Monday, November 12, 2012

Most Dangerous Drug in America?

Our trauma service has been seeing more and more elderly patients admitted for closed head injuries who are taking the blood-thinning agent Pradaxa.  As this NY Times article indicates, this is not a positive development.  Pradaxa is a direct thrombin and factor Xa inhibitor used in patients at high risk for developing cerebrovascular or systemic embolic events (i.e. patients with atrial fibrillation).  It is a newer alternative to the old standby, coumadin (warfarin) therapy.

The problem is that the RE-LY study (the randomized trial that conformed the efficacy of Pradaxa) also demonstrated a higher bleeding risk than warfarin.  The results from real life application should not be surprising:
But almost as soon as doctors started prescribing Pradaxa, concerns surfaced about its safety. Pradaxa was identified as the primary suspect in 542 patient deaths reported to the F.D.A. in 2011, and was linked to more reports of injury or death than any of the more than 800 drugs regularly monitored by the Institute for Safe Medication Practices, a nonprofit based in Pennsylvania that monitors medicine safety.

As trauma surgeons, we are handicapped in two ways.  One, Pradaxa is not monitored by checking typical coagulation laboratory parameters (i.e. INR).  These patients will have normal INR values.  And if the patient shows up obtunded, unable to give a history or provide evidence that he/she is taking Pradaxa, then we will have no idea that that patient is at high risk for continued hemorrhage.  Two, there is not an antidote to the anticoagulation effects of Pradaxa other than emergent hemodialysis.  With coumadin we can reverse the coagulapathy fairly rapidly with intravenous Vitamin K, Factor IX, and fresh frozen plasma.  With Pradaxa, there is nothing to do but wait (typical half life of the drug 2-3 days) and hope the nephrologist can extract the drug over a 6-12 hour time frame.  In the setting of acute intracranial hemorrhage, such a delay is life threatening.  To prescibe this drug to an elderly patient who has a history of ambulatory unsteadiness or dementia is utter foolishness.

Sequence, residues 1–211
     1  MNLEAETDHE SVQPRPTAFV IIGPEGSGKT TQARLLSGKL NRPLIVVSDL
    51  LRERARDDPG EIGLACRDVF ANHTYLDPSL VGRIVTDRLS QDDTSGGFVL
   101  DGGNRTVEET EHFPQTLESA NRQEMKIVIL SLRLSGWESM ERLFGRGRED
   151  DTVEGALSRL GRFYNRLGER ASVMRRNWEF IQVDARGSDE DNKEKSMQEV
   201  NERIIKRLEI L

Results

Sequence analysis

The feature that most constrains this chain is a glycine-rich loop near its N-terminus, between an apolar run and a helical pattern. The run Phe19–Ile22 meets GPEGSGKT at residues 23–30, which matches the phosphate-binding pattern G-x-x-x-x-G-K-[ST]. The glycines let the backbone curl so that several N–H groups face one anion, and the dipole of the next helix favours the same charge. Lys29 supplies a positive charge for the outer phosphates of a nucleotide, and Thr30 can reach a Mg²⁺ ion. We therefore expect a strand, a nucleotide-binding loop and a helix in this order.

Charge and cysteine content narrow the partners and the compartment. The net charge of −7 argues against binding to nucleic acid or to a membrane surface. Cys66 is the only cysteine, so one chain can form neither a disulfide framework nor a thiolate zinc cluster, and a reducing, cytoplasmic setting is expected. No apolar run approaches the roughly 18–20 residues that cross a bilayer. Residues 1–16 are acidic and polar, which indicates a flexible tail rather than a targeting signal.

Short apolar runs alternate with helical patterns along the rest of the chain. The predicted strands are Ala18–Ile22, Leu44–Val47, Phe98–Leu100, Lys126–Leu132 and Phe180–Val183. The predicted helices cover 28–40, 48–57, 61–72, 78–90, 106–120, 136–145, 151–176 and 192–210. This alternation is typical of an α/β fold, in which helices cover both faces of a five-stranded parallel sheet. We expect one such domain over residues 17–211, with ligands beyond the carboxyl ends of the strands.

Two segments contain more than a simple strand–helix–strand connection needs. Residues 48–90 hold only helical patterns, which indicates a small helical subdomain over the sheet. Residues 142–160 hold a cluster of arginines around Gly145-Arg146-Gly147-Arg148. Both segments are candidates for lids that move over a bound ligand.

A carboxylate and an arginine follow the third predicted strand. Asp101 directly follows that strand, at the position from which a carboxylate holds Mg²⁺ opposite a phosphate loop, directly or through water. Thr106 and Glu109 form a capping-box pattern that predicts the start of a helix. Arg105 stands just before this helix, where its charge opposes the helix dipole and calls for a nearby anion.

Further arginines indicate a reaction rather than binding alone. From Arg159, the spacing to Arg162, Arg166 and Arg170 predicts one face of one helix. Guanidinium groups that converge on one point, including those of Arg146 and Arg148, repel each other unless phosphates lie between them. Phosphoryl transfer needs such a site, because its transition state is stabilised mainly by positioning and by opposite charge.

I get why there has been a move to prescribe this death trap.  Monitoring INR levels in patients on coumadin is expensive and annoying.  Much easier to simply put a patient on Pradaxa and call it a day.  Check back in 3 months.    But the consequences are unacceptable.  Pradaxa made over a $1 billion for its German pharm company over the past two years.  They better be socking away huge chunks of that windfall into their litigation slush fund.....

1 comment:

witk2005 said...

Hi. Great post. I take coumadin and have for the past 22 years and will not switch to this medicine. I am hoping all PCP's and or internal medicine doctors read this before prescibing this to their patients. I get that the older population not wanting to have the INR draw, but the alternative "should not be an option." I have been in the situation of having the frozen plasma to thicken up the blood before a non scheduled surgery. I am thankful for an informed PCP and surgeon. Kiddos to you and your continuing posts.